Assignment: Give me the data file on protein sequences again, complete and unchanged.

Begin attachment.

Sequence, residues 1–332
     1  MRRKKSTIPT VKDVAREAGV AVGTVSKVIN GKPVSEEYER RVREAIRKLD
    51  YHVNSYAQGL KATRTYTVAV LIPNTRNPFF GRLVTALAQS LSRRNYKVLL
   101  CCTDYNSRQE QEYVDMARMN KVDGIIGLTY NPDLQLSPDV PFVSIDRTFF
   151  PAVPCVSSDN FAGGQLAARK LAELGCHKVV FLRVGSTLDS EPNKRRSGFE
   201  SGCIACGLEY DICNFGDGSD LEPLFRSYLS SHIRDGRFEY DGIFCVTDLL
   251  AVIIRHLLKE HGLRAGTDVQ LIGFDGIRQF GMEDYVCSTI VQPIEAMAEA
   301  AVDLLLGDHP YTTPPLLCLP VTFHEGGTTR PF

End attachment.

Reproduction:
Sequence, residues 1–332
     1  MRRKKSTIPT VKDVAREAGV AVGTVSKVIN GKPVSEEYER RVREAIRKLD
    51  YHVNSYAQGL KATRTYTVAV LIPNTRNPFF GRLVTALAQS LSRRNYKVLL
   101  CCTDYNSRQE QEYVDMARMN KVDGIIGLTY NPDLQLSPDV PFVSIDRTFF
   151  PAVPCVSSDN FAGGQLAARK LAELGCHKVV FLRVGSTLDS EPNKRRSGFE
   201  SGCIACGLEY DICNFGDGSD LEPLFRSYLS SHIRDGRFEY DGIFCVTDLL
   251  AVIIRHLLKE HGLRAGTDVQ LIGFDGIRQF GMEDYVCSTI VQPIEAMAEA
   301  AVDLLLGDHP YTTPPLLCLP VTFHEGGTTR PF